These things for thy gorgeous array. For not to them only are these words addressed, but to every woman that doeth like them. And Paul again with him stands as an accuser, telling Timothy to charge the women, "not to adorn themselves with braided hair, or gold, or pearls, or costly array."hyperlink So that everywhere the wearing of gold is hurtful, but especially when thou art entering into a church, when thou passest through the poor. For if thou weft exceedingly anxious to bring an accusation against thyself, thou couldest not put on any other array than this visage of cruelty and inhumanity.

4. Consider at any rate how many hungry bellies thou passest by with this array, how many naked bodies with this satanical display. How much better to feed hungry souls, than to bore through the lobes of thy ears, and to hang from them the food of countless poor for no purpose or profit. What? is to be rich a commendation? What? is to wear gold a praise? Though it be from honest earnings that these things are put on you, even so what thou hast done is a very heavy charge against thee; but when it is moreover from dishonesty, consider the exceeding greatness of it.

But dost thou love praises and honor? Strip thyself therefore of this ridiculous clothing, and then all will admire thee; then shalt thou enjoy both honor and pure pleasure; since now at any rate thou art overwhelmed with jeers, working for thyself many causes of vexation arising out of these things. For should any of these things be missing, consider how many are the evils that have their birth therefrom, how many maidservants are beaten, how many men put to trouble, how many led to execution, how many cast into prison. And trials arise hence, and actions, and countless curses and accusations against the wife from the husband, against the husband from her friends, against the soul from itself. "But it will not be lost." In the first place, this is not easy to secure, but even if it be kept safe constantly, yet by being kept, it occasions much anxiety and care and discomfort, and no advantage.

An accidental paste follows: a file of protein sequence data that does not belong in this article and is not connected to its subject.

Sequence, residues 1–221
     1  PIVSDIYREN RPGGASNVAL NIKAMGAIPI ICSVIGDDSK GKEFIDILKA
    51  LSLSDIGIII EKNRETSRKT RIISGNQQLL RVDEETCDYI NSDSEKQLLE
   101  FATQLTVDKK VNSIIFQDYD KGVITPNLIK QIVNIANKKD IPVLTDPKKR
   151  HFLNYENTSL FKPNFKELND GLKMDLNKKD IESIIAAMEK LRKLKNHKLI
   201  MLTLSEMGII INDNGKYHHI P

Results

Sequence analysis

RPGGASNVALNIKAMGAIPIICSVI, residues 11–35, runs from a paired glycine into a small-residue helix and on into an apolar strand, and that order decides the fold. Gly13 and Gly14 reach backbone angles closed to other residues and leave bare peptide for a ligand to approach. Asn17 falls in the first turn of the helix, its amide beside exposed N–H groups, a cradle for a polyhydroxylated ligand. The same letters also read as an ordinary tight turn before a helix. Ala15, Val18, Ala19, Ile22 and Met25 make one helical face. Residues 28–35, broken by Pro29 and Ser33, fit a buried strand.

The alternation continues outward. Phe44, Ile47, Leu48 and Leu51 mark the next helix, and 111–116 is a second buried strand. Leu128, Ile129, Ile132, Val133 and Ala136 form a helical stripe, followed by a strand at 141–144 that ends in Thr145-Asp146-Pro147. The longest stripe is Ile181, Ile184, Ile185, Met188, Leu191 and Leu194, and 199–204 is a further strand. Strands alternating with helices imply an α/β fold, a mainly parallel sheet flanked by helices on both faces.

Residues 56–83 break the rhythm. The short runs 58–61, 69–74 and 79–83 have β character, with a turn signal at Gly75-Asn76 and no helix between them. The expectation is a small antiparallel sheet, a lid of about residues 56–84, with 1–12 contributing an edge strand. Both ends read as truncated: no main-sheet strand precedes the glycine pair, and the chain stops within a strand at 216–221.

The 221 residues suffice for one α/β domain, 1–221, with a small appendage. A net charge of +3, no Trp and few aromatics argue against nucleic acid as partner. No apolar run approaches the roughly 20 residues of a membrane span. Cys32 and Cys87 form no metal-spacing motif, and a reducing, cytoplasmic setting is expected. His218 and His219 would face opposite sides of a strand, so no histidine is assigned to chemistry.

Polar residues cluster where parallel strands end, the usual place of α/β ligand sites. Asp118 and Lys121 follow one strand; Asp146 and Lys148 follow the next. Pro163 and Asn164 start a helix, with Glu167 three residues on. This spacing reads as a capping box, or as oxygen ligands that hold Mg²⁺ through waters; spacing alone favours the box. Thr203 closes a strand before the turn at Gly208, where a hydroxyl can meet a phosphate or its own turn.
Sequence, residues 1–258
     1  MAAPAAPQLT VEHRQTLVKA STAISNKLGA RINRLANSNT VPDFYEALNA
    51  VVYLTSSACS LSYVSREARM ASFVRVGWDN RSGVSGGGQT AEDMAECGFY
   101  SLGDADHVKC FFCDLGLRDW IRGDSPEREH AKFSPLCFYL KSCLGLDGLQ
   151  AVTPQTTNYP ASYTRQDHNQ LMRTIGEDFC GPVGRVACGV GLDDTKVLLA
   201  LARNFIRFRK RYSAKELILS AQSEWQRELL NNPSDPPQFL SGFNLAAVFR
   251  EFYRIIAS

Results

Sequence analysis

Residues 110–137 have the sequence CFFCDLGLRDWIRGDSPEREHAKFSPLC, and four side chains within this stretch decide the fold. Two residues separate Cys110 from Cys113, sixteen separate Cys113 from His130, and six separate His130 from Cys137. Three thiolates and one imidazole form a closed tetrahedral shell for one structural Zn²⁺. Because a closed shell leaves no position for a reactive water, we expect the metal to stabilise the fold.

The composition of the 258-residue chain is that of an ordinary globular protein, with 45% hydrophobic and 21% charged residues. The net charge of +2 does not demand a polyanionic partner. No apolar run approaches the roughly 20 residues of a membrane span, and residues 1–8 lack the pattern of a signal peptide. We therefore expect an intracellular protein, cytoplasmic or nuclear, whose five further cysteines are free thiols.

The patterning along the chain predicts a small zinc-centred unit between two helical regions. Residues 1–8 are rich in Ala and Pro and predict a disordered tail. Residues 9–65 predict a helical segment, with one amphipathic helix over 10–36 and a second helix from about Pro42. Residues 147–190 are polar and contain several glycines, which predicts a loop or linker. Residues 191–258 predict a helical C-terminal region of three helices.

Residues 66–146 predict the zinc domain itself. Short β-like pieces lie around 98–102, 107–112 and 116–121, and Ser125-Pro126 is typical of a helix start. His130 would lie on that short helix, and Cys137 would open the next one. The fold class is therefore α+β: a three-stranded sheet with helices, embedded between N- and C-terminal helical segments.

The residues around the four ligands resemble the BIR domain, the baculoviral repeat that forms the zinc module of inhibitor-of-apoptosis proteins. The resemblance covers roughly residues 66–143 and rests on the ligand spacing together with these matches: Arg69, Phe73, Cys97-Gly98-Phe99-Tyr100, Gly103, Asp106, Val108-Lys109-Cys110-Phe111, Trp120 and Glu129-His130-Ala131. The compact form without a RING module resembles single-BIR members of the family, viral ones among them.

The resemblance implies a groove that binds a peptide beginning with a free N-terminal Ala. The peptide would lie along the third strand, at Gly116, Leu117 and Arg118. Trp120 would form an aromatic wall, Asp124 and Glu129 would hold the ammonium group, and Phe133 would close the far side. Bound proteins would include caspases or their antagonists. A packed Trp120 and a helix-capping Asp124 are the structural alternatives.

For what kind of profit arises from hence to the house? What advantage to the woman herself who wears it? No advantage indeed, but much unseemliness, and accusation from every quarter? How wilt thou be able to kiss Christ's feet, and cling to them, when thus dressed? From this adorning He turneth away. For this cause He vouchsafed to be born in the house of the carpenter, or rather not even in that house, but in a shed, and a manger. How then wilt thou be able to behold Him, not having beauty that is desirable in His eyes, not wearing the array that is lovely before Him, but what is hateful. For he that cometh unto Him must not deck himself out with such garments, but be clothed with virtue.